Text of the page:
Radical Islamists tightened their grip on northern Mali on Tuesday, ordering women to wear veils in fabled Timbuktu, as the nation’s junta began to feel the bite of sanctions following its coup.
The Islamists who seized control of the fabled trading hub over the weekend alongside Tuareg rebels have since chased out their allies and declared to residents and religious leaders that they were imposing sharia law.
Three of the four leaders of Al-Qaeda’s north Africa branch, known as Al-Qaeda in the Islamic Maghreb (AQIM) were in Timbuktu on Tuesday, security and religious sources in the city said.
Residents reported women in the normally secular city that held a major rock music festival in January were on Tuesday wearing veils and none were wearing trousers.
Since a band of low-ranking soldiers ousted Mali’s government on March 22, various rebel groups have worked together to seize the vast north, an area roughly the size of France, but the factions have very different aims.
The United Nations Security Council will discuss the Mali crisis later on Tuesday as the country that was until recently considered an African democratic success story slipped deeper into chaos under the junta.
Frozen out by the international community, the junta on Monday was slapped with crippling sanctions from its neighbors demanding a return to constitutional rule.
The Economic Community of West African States (ECOWAS) slapped the vast landlocked country that depends heavily on the import of fuel and basic goods from surrounding nations with a total embargo and cut off the putschists from the regional central bank, affecting their ability to pay public wages.
In Bamako, long lines formed at petrol stations shortly after ECOWAS announced the embargo, while other stations closed early, fearing looting by soldiers.
The junta on Tuesday sent a delegation to Nigeria, where ECOWAS officials could offer the putschists amnesty in exchange for relinquishing power, a foreign ministry source in Abuja said.
As the military junta struggled with the intensifying crisis, armed Islamists in the north handed out food and supplies that they seized from humanitarian organizations to residents of Timbuktu, sources said.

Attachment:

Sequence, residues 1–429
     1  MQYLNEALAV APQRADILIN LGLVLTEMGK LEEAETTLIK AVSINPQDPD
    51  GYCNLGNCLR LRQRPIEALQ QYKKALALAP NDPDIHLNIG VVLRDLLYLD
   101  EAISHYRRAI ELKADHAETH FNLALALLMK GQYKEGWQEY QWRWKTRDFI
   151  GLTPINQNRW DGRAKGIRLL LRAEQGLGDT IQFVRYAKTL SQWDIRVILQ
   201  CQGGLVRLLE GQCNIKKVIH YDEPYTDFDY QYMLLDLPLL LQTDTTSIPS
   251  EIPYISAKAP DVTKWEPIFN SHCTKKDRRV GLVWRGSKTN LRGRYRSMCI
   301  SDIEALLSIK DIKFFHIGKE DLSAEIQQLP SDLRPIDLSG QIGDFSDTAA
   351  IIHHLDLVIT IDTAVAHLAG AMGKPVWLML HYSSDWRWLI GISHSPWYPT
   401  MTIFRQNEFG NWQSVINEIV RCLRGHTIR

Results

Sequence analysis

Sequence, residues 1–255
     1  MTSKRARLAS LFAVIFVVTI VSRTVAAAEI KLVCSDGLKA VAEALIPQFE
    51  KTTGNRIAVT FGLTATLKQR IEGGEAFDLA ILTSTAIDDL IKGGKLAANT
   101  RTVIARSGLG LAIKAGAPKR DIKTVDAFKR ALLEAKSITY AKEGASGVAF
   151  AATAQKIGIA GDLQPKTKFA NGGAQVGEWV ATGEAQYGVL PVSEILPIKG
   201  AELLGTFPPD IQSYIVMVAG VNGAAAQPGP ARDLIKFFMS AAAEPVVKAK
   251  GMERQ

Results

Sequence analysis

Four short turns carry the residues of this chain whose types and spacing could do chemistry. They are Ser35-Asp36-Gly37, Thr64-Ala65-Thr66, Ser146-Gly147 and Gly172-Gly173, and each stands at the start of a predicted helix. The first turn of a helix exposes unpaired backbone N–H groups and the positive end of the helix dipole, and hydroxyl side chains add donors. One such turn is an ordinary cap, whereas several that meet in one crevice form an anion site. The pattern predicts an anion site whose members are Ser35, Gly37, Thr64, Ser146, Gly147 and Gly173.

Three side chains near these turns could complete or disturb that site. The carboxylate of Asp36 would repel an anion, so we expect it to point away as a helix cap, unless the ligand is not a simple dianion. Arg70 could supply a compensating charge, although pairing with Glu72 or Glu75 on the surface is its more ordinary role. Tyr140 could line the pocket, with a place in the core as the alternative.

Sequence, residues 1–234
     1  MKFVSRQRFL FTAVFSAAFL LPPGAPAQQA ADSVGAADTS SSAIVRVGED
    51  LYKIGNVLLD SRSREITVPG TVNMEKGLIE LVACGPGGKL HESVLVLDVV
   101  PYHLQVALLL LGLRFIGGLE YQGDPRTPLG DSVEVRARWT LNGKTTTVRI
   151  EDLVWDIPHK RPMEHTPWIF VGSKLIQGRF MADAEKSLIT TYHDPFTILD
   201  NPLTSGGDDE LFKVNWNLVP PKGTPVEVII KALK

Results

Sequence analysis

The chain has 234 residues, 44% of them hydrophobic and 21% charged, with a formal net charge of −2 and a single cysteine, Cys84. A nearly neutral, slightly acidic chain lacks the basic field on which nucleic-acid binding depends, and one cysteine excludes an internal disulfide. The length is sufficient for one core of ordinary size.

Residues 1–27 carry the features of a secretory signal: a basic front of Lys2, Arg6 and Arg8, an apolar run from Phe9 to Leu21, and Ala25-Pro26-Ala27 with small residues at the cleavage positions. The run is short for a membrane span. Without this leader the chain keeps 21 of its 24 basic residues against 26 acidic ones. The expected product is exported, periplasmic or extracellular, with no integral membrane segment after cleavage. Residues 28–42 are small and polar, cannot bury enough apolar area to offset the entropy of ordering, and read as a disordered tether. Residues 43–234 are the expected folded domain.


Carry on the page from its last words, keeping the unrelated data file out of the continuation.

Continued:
Officials from the regional food security office linked to the agriculture ministry and local Red Cross confirmed on condition of anonymity that the goods being distributed were forcibly taken from their stocks.
The Islamists had been fighting with the Tuareg, but on Monday they chased their erstwhile allies out of Timbuktu, flanked by the notorious AQIM leader, Mokhtar Belmokhtar.
AQIM chiefs Belmokhtar, Abou Zeid and Yahya Abou Al-Hammam met with Malian Islamist leaders and are staying at the Timbuktu military camp, now under rebel control.
The fighting in northern Mali began in mid-January by the Azawad National Liberation Movement (MNLA), which wants independence for its homeland in the northern triangle of the bow-tie shaped nation.
The Islamist Ansar Dine, led by its notorious commander Iyad Ag Ghaly, wants to implement sharia law in the mostly Muslim but secular state.
A powerful player in northern Mali, Ag Ghaly and his fighters have placed their black jihadist flag around Timbuktu, which in the 16th century was a trading and intellectual capital.
The UN cultural agency UNESCO called on the Malian authorities and on the warring factions to respect the desert country’s heritage and the “outstanding architectural wonders” in Timbuktu, including ancient manuscripts and earthen buildings such as a nearly 700-year old mosque.
Paris said Tuesday the Tuareg rebels were approaching the central town of Mopti where hundreds fled in panic on Monday as they saw soldiers fleeing their posts amid the rebel advance.
More than 200,000 people have been forced from their homes by the fighting and aid groups have warned that the combination of civil war and drought could lead to one of the continent’s worst humanitarian emergencies.